Once again I travel for work, more specifically to a NewsReader project meeting in San Sebastian, or in the Basque language, Donostia.
My trip there was mildly stressful, Easyjet fly direct Manchester-Bilbao but only on three days of the week – the wrong days for my meeting. Therefore I travelled via Charles De Gaulle Airport, which made a 1.5 hour transfer rather tight and led to me being obviously irritated with an immigration official. I should add that Charles De Gaulle Airport was the only stressful part of my trip.
Once at Bilbao it is a little over an hour on an express bus to reach Donostia. And it’s a rather odd experience. I’ve only visited Spain once in the past, to Barcelona and the rest of my knowledge of the country is from trashy TV about Brits on holiday and art house films (and books). The Basque country reminded me of the transfers from the airport to the ski resort I’ve made across the Alps. Steep-wooded valleys, chalet-style buildings scattered across hillsides with orchards and hay-meadows. Small towns wedged into the bottoms of valleys, apartment blocks creeping up the hillsides in the manner of the French rather than Austrian Alps. The only oddity is the occasional palm tree.
There is a fair amount of geology on display, I didn’t catch any photos from the bus but you get a hint of it from this photo of the bay at Donostia.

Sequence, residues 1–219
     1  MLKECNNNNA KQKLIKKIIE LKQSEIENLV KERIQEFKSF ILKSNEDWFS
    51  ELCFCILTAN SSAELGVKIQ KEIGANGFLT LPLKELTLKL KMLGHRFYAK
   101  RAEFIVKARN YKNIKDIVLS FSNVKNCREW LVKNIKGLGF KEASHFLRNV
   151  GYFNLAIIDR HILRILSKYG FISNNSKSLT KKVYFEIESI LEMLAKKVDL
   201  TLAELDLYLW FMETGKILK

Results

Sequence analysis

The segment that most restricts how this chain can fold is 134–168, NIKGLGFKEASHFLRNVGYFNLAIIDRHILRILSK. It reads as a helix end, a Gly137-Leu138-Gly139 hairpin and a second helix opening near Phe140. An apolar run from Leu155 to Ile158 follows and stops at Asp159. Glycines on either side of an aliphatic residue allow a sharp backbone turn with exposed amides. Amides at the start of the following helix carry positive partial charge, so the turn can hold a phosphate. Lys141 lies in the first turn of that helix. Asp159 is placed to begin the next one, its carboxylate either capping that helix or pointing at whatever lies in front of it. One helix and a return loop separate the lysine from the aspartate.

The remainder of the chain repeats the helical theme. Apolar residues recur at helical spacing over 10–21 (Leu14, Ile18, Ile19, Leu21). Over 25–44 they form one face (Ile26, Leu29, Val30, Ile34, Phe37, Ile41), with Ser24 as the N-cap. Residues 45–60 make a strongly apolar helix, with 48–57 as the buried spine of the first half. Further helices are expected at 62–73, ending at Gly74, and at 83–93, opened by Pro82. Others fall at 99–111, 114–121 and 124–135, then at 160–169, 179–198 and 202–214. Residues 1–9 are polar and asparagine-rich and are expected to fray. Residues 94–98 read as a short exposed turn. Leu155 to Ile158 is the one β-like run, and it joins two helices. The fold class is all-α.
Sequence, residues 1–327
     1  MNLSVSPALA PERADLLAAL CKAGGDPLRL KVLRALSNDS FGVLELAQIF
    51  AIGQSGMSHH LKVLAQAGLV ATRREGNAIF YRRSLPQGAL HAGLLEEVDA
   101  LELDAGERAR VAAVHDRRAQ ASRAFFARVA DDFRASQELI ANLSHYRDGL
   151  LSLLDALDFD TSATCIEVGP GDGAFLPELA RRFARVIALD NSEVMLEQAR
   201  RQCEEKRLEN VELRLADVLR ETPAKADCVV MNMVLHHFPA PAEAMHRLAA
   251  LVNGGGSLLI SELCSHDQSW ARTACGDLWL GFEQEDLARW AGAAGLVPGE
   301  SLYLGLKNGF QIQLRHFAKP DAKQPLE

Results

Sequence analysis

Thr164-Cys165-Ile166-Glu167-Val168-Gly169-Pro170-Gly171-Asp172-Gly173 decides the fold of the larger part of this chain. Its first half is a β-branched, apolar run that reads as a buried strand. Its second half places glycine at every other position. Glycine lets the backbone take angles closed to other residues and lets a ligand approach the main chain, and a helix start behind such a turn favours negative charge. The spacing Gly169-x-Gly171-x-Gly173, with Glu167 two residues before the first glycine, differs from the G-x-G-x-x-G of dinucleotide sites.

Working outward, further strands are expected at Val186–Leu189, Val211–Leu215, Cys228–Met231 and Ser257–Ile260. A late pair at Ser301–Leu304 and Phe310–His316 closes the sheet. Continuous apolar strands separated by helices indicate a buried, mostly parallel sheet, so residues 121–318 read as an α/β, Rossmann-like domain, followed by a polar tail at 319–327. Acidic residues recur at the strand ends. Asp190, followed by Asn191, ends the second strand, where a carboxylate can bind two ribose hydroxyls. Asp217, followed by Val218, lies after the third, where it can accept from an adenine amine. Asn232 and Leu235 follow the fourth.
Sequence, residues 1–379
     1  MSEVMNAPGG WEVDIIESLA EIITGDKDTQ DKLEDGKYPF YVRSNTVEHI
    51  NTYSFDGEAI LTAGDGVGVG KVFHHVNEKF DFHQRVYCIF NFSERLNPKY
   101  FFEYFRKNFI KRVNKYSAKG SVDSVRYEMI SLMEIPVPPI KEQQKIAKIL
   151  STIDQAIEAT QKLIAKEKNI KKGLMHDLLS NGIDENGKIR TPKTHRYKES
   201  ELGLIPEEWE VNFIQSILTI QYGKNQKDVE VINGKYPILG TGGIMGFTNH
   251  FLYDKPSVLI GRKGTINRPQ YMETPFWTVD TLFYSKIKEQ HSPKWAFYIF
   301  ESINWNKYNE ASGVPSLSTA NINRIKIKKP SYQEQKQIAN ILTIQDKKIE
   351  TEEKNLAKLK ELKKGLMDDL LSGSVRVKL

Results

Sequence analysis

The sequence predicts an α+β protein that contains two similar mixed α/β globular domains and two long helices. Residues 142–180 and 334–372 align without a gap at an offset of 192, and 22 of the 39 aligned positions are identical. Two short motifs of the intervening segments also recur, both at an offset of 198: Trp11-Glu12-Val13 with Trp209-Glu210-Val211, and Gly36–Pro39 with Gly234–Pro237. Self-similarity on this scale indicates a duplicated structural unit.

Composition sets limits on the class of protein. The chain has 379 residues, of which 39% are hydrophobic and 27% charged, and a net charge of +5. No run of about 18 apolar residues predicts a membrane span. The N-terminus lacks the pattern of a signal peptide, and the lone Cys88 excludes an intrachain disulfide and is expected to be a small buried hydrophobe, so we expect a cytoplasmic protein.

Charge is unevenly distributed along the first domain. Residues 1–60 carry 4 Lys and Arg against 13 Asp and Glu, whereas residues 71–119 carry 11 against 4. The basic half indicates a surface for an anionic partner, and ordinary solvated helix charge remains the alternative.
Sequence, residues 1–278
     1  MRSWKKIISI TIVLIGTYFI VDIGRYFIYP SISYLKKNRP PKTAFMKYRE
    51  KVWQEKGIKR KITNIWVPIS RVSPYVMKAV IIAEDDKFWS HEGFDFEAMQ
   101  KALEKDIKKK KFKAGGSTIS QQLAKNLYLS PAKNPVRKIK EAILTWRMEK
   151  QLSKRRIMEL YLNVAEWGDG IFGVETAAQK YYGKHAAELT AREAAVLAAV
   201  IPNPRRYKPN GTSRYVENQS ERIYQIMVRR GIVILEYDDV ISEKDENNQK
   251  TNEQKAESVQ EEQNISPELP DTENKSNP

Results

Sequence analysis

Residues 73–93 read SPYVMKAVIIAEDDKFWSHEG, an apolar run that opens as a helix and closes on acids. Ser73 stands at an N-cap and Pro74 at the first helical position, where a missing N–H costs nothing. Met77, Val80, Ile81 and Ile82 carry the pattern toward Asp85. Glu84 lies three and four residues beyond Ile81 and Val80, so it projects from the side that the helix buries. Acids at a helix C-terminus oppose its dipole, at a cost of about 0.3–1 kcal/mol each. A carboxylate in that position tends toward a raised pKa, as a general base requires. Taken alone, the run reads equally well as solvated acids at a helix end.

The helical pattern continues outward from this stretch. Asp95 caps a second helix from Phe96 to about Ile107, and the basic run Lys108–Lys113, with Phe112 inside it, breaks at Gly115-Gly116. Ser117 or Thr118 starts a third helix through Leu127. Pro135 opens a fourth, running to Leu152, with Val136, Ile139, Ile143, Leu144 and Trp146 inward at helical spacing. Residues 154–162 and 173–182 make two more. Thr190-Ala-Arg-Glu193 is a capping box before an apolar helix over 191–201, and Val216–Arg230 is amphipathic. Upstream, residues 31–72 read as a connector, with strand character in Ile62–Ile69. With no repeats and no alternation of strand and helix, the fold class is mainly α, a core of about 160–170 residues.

It was unseasonably warm whilst I was in Donostia, I remarked that I’d consider the temperature normal for Spain to one of my hosts, who replied; “You’ve made two mistakes there: (1) you’re not in Spain…”.
Once in Donostia, it is strikingly reminiscent of the North Wales coast and Llandudno! Fine buildings along a bay with a steep promontory looking down on the town.
The quality of the street furniture is rather better, and the buildings have a rather more wealthy feel. The local vegetation also reminds you that you’re not in Llandudno.
Apparently the Spanish royal family used to holiday in Donostia at the Miramar Palace, not really that palatial but it has fine views over the bay and the grounds reach down to the sea:
I wonder whether they used this rather ornate beach house:
The town hall is pretty impressive too:
I failed a bit on local cuisine only making it out one night of three, to the Cider House. Apparently a typically Basque thing. The dining room is reached past large barrels of cider, which are the main event. The cider drinking scheme is as follows: at regular intervals the patron shouted something, and the willing and able followed him to a selected barrel. He opened a small tap producing a two metre or so stream of cider, projected horizontally. The assembled drinkers catch a an inch or so of cider each in large plastic beakers. Points are awarded for catching the stream as far from the barrel as possible, and once started the drinker moves up the stream. The next drinker aligns themselves to catch the stream when the previous drinker moves out of the way. The result is quite splashy.
Between drinks there is a fixed menu of bread, cod omelette, cod and greens, the largest barbeque steaks I’ve ever seen, finishing with walnuts, quince jelly and cheese.
Aside from this my colleagues were keen on pintxos, the local take on the more widely known tapas.
I stayed at the NH Aranzazu which was very nice, not particularly expensive and very convenient for the university but not so much for the town centre.